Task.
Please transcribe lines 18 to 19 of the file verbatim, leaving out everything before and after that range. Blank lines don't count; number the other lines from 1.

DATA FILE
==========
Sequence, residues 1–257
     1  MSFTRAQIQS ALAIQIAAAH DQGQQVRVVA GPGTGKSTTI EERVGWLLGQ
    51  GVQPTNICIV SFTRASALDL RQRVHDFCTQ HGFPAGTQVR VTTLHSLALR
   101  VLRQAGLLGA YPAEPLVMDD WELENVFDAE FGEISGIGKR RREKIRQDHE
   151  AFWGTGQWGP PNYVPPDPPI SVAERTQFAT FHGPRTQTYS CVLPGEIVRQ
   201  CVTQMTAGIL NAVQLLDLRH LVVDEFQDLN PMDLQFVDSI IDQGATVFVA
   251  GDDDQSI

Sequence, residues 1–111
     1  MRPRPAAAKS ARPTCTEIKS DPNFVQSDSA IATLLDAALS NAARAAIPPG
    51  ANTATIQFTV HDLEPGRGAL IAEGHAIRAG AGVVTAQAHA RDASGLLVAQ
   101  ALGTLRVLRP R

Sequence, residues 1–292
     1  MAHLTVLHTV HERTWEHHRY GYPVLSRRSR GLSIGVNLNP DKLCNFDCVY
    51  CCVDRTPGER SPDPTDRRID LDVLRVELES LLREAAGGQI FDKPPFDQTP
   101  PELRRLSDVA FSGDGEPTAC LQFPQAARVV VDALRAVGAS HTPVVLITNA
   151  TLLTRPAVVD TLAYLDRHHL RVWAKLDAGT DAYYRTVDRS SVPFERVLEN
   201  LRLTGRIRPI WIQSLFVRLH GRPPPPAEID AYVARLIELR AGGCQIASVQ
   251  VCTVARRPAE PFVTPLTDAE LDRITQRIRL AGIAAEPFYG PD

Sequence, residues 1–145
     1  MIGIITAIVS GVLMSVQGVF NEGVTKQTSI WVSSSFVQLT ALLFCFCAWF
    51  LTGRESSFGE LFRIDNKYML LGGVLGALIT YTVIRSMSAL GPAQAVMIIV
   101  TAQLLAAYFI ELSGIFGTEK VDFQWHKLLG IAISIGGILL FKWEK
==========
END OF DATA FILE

   251  VCTVARRPAE PFVTPLTDAE LDRITQRIRL AGIAAEPFYG PD

Sequence, residues 1–145